Difference between revisions of "Portal:Featured Article Of The Week"

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{{FAformat
|Title= Central Indiana State Hospital
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|Title= Crownsville State Hospital
|Image= CSHpc3.jpg
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|Image= CrownsvilleSH_01.jpg
 
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|Body= Central State Hospital was brought into existence by an Act of the 1844-1845 Indiana General Assembly which provided for "the procuring of a suitable site for the erection of a State Lunatic Asylum." The property, consisting of 160 acres of farmland belonging to N. Bolton, was selected due to its proximity to the State Capitol. Purchased at the rate of $33.125 per acre, the property passed to the State of Indiana on August 29, 1845.
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|Body= The hospital for the negro insane of Maryland, now known as the Crownsville State Hospital, was created by an act of the General Assembly on April 11, 1910, which made an appropriation of $100,000 for the purchase of land and the erection of buildings. Sections of the act creating the hospital, Chapter 250, Laws of Maryland, 1910, provided that there should be established in the State of Maryland an institution for the detention and care of the negro insane of the state. It was expressly provided that the hospital should not be located in Baltimore City.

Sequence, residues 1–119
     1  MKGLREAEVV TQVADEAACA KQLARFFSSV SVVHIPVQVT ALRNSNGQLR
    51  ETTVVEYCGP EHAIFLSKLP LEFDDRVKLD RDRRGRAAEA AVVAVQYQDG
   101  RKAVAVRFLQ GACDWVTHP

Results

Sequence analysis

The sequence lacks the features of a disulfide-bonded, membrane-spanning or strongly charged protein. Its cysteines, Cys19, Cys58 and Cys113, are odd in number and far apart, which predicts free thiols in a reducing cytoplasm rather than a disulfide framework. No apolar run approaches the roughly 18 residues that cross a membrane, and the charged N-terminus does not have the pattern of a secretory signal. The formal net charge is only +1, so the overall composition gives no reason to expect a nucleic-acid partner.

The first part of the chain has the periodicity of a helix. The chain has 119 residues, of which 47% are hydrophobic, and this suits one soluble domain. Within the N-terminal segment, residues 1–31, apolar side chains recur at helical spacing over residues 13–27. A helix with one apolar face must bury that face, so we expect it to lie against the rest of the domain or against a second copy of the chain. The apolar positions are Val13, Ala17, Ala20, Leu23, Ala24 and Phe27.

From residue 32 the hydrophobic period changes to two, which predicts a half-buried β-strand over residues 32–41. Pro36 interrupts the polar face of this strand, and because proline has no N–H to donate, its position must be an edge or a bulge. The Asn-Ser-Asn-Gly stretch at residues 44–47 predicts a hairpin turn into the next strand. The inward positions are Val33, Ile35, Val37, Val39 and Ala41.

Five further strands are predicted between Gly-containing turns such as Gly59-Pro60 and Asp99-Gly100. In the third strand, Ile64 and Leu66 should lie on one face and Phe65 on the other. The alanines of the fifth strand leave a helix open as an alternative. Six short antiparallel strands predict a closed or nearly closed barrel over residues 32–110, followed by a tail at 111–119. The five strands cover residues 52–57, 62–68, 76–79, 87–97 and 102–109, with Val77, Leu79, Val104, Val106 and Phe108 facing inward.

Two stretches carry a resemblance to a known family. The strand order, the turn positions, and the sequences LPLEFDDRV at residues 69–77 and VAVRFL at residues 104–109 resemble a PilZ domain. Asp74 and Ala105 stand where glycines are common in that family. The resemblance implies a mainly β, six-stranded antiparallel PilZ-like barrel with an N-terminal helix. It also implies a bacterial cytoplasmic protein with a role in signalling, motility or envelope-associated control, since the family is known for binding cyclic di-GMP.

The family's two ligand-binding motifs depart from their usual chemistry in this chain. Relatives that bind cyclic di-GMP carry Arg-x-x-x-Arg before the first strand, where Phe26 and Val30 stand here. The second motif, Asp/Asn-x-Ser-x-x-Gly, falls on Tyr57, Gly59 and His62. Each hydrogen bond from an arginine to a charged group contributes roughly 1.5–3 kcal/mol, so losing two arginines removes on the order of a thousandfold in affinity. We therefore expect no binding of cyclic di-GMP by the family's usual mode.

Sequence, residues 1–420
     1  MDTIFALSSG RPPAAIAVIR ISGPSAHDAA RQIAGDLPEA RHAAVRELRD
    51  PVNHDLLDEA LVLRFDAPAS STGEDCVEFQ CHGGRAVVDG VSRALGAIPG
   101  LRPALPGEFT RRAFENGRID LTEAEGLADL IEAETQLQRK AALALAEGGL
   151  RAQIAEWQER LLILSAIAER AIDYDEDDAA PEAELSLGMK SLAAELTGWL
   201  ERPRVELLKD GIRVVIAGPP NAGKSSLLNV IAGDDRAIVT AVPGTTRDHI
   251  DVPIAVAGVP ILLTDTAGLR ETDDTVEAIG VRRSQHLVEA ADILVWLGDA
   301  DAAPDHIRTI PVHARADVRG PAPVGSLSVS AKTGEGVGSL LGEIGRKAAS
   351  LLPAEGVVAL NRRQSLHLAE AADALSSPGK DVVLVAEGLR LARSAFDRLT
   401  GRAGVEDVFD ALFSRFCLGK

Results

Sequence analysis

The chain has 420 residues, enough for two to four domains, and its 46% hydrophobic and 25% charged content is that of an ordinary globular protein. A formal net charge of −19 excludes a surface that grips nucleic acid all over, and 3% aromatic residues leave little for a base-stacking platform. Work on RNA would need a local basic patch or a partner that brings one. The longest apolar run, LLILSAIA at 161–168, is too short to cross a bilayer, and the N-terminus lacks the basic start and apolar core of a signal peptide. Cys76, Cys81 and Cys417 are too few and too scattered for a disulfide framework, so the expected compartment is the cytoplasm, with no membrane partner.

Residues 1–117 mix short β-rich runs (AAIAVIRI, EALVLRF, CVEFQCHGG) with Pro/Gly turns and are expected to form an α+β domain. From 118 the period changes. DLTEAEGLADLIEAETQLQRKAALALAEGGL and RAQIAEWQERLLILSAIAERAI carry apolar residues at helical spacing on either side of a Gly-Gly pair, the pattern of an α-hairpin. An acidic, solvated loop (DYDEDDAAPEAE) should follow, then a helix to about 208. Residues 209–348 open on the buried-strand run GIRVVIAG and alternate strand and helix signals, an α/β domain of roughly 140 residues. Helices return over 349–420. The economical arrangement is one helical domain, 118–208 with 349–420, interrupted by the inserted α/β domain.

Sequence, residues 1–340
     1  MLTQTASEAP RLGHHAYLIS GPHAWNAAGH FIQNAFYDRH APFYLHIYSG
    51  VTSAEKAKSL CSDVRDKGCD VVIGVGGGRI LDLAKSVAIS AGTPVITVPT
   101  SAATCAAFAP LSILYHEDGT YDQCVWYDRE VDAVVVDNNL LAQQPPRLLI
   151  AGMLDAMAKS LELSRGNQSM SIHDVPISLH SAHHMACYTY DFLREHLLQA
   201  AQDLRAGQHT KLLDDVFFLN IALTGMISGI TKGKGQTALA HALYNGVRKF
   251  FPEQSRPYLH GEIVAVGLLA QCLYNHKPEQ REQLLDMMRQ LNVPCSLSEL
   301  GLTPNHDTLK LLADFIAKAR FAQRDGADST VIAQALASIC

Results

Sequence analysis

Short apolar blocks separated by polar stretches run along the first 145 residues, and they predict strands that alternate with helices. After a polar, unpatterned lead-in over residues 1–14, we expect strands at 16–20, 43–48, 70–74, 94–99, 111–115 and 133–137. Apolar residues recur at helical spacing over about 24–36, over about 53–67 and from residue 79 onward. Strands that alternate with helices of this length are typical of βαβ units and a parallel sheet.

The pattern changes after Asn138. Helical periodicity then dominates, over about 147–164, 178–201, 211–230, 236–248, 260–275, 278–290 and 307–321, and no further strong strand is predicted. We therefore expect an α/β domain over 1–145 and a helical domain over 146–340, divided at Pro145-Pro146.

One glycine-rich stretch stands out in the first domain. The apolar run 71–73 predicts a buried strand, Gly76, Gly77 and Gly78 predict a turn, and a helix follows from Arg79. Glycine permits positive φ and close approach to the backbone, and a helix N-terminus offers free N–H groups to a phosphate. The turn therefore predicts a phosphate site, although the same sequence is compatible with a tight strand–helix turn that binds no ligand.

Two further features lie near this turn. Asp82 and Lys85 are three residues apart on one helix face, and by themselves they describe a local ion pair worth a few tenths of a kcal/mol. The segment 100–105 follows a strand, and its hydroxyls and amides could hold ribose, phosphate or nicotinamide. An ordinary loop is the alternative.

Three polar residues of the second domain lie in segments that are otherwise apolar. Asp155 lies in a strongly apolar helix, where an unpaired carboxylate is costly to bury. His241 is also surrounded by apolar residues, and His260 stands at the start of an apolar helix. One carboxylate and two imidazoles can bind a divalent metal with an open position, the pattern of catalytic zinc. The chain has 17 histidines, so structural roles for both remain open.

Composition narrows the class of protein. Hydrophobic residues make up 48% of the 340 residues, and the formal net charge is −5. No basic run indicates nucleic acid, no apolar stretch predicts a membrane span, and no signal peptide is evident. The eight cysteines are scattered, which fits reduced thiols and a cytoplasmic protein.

An Act approved on January 19, 1846 provided "That the Commissioners of the Indiana Lunatic Asylum are hereby authorized to cause to be erected upon the grounds heretofore purchased for that purpose, suitable buildings for the use and accommodation of said institution, which shall hereafter be called and known by the name of the Indiana Hospital for the Insane, and also to make such improvements upon and about said grounds as they may think expedient and proper." To fund the construction, an appropriate of $15,000 was approved "for the purpose of defraying the expenses incurred under the provisions of this act."
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It was further provided that the Board of Managers of the hospital was to consist of the Governor, ex-officio; State Treasurer, Comptroller of the Treasury, and six other persons, to constitute a body corporate under the title of the " Hospital for the Negro Insane of Maryland," with the power to appoint the necessary officers and agents. The act named the following persons, who, together with the Governor, State Comptroller and State Treasurer, were to constitute the first Board of Managers of the hospital: Hugh H. Young and Thomas Parran, to serve from the date of the passage of the act until the first of May, 1912; John T. Daily and William L. Marbury, to serve until the first day of May, 1914; J. Harry Covington and Henry P. Mann, to serve until the first day of May, 1916. It was provided that the Board of Managers should be divided into three classes, one-third of whom should go out of office every two years; and the Governor should have power, in case of any vacancy occurring, to appoint a person or persons to fill such vacancy or vacancies for the balance of term of said class. It was further enacted by the General Assembly of Maryland "that the Board of Managers immediately proceed to the erection, construction and equipment of suitable buildings to care for such of the negro insane of the State of Maryland as may be sent to the said hospital from time to time, in accordance with the general provisions of the acts of the General Assembly of Maryland relative to the care and treatment of the insane of the state." [[Crownsville State Hospitall|Click here for more...]]